- FIND A SYMBOL. Some item that associates you with Her. A feather, a candle, a piece of jewelry, a crystal, an ocean stone, a seashell. Take your time to find the perfect item. Follow your heart, pick what you are drawn to. and something that resonates. Keep the item close with you whenever you travel, walk, meditate, work on your projects, or sleep. Set the item out in front of you during the invocation.
- FIND A SENSUAL LOCATION – Pick a physical location where you can sense her energy. A place where all of your senses are alive and awake. Practice the Wake Up Your Senses exercise. The sensory place where you connect with your Muse needs to feel inspirational and personal. For me, my sensory place is the forest. I get energy and guidance when I am surrounded by the trees more than from anywhere else on earth. The second spot that I find my Muse is when I am near the ocean. It’s important to spend time in your special place of connection. Bring your symbol and have it next to you. This is a sacred space. When you are in this spot, smell the air, familiarize yourself with it. Write down your thoughts here. This is where you want to return to in your mind when you are calling in your Muse at home. Surround yourself with these scents in your daily life and this will encourage her to come out and play more often.
- LISTEN TO MUSIC. Traditionally, the poets’ associated music with the invocation of the muse as sound shifts energy and opens our minds. It’s a welcoming mat and an invitation for your Muse. Do you like Bach or Rap? Only you know the answer to what makes your heart sing. Whatever calms your nerves and makes you smile, play this. In my experience, my muse meets me in the forest. I don’t listen to any music in the forest, I prefer the sounds of nature. This is a personal choice and it is yours to make.
- CREATE AN ALTAR. Create a place in your home that is either hidden or in plain sight. It can be a table, a corner, a drawer. This is your own sacred place for honoring your connection with your Muse and your connection with yourself. Set it up and change it up often. This space will keep your muse awake, engaged and excited. Fill it with new pieces that you find interesting and appealing. A candle, stones, feathers, sage, statues, treasures. Anything that you are drawn to. Explore Pinterest for altar ideas, there are many books written on altars and worshiping. I recommend doing some exploring and have fun here.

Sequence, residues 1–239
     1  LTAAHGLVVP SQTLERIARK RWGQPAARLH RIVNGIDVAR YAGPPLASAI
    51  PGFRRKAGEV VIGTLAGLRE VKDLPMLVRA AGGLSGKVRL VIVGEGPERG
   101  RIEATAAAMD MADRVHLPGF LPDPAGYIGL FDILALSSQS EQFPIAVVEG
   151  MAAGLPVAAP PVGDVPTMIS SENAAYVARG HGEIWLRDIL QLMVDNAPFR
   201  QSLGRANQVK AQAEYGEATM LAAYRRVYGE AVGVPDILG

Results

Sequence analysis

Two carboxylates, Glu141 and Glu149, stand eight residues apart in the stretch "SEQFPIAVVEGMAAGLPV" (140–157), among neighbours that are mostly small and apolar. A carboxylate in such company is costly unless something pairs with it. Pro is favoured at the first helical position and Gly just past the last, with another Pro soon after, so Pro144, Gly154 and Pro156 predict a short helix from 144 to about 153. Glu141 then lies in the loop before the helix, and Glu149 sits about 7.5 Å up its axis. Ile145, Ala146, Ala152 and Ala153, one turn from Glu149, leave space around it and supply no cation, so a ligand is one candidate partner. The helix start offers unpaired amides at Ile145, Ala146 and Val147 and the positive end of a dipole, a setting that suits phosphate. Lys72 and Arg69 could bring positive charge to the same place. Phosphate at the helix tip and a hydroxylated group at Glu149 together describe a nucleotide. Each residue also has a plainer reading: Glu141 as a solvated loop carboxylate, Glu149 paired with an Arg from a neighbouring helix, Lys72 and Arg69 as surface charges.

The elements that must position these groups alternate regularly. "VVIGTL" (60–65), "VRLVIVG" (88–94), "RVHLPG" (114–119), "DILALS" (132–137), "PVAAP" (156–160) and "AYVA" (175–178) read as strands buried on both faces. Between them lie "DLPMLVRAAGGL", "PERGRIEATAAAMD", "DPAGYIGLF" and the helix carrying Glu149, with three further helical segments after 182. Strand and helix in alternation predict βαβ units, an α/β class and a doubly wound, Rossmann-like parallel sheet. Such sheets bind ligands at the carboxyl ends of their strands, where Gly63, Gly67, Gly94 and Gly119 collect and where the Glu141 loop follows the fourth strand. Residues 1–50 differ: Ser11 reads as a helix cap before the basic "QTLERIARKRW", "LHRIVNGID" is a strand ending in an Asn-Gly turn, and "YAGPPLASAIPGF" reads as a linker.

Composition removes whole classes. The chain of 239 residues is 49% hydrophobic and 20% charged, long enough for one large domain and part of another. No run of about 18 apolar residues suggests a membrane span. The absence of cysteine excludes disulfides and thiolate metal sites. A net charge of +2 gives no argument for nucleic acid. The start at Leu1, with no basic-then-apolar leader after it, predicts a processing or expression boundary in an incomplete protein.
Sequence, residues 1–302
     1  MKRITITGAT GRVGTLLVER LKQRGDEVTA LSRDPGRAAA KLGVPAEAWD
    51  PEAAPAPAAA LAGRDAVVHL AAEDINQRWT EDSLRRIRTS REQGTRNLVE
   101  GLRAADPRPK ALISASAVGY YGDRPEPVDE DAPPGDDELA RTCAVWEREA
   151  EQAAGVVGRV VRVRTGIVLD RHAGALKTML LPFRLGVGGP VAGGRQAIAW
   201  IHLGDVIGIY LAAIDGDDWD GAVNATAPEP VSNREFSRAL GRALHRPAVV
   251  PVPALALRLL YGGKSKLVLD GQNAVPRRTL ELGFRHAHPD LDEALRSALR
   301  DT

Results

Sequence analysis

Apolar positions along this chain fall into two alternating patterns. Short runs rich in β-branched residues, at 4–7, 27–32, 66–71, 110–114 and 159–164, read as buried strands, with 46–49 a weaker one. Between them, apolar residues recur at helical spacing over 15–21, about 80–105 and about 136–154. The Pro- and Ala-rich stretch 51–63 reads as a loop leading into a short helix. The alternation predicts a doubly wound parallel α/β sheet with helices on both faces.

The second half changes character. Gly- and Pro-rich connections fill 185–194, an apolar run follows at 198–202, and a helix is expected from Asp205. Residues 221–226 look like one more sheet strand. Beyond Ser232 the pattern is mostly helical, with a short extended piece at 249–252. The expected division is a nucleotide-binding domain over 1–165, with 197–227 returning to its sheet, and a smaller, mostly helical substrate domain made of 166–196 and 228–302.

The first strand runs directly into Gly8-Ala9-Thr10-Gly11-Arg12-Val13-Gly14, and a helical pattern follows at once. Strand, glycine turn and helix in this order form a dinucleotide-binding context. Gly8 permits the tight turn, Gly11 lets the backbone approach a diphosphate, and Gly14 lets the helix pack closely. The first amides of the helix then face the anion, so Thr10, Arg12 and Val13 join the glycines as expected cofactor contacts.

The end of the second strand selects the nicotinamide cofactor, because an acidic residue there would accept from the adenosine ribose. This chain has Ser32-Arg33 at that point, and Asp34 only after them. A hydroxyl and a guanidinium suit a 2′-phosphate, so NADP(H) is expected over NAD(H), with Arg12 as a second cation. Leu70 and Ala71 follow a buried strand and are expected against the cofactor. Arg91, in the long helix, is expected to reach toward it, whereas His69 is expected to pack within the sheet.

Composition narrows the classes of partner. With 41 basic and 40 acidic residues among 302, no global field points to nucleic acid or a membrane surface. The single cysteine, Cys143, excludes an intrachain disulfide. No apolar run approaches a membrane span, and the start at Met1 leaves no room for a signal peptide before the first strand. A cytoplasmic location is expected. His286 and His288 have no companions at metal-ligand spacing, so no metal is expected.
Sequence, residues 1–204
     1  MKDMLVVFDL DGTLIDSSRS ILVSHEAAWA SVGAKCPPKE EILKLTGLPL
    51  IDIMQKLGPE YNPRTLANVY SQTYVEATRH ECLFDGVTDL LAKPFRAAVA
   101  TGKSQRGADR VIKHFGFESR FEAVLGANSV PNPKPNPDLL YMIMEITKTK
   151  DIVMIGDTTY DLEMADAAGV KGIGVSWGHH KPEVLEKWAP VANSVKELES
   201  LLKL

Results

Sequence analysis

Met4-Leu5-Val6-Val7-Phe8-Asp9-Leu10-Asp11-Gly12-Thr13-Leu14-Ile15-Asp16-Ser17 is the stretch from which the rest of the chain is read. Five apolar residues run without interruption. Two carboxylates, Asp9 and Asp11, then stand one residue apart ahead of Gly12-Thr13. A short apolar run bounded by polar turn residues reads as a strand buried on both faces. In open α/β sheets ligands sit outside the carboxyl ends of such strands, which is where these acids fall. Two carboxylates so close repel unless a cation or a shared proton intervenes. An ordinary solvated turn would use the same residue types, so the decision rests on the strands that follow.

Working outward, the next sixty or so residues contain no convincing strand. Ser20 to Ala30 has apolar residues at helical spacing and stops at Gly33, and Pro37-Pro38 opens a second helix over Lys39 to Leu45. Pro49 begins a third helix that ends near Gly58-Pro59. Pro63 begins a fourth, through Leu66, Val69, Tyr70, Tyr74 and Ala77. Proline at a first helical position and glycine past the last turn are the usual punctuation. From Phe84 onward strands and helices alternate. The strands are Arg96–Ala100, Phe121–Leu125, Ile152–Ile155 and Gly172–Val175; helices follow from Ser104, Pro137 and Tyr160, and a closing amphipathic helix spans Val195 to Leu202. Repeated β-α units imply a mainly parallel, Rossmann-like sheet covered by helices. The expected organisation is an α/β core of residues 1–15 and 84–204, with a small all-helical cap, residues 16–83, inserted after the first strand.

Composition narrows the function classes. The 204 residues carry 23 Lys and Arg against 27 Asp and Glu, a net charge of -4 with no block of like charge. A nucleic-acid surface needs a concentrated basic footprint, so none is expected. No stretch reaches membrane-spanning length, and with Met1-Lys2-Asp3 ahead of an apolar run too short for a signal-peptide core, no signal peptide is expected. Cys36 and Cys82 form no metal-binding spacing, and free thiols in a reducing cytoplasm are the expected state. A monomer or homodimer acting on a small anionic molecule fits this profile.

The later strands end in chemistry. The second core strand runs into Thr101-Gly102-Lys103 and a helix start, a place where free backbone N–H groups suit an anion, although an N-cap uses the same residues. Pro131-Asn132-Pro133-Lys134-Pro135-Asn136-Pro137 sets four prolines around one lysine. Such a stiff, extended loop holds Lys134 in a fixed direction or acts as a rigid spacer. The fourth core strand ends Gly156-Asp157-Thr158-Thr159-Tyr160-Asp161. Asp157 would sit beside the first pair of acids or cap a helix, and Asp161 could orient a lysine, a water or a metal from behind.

- DO SOMETHING COMPLETELY DIFFERENT– If you’re having trouble connecting, it’s perfectly normal. It takes time. It’s also a sign that you need to further ground yourself. Try to take a different path, walk a new way home, choose a different routine, find a different and new symbol or location to sit in. Meditate, have a nap, ask her a question to answer when you go to sleep. Muses like new things, new sparks, new ways. Try something new and She will appear.
- HONOUR HER CALLINGS. When your muse speaks, listen. Take note and use her inspiration. Last night before I went to bed, I invoked my Muse. I created a ritual where I place a special stone on my bedside table and I consciously invite her to answer my thoughts or questions as I fall to sleep. At 3 am she woke me up out of a dead sleep and said the words, “Oh Heavenly Muse,” over and over again. Her message to me was this. We all have the ability to invoke and connect with our Muse. Writing this piece is my way of sharing her message and honoring her visit last night.
Where do you find your Muse? In the forest? By the Ocean? In your bedroom? I would love to hear all about it.
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Milton, John. Paradise Lost, From Books 1-4. The Norton Anthology of English Literature: The Major Authors. Edited by Stephen Greenblatt et al. 10th ed, vo1. 1, W.W. Norton, 2019.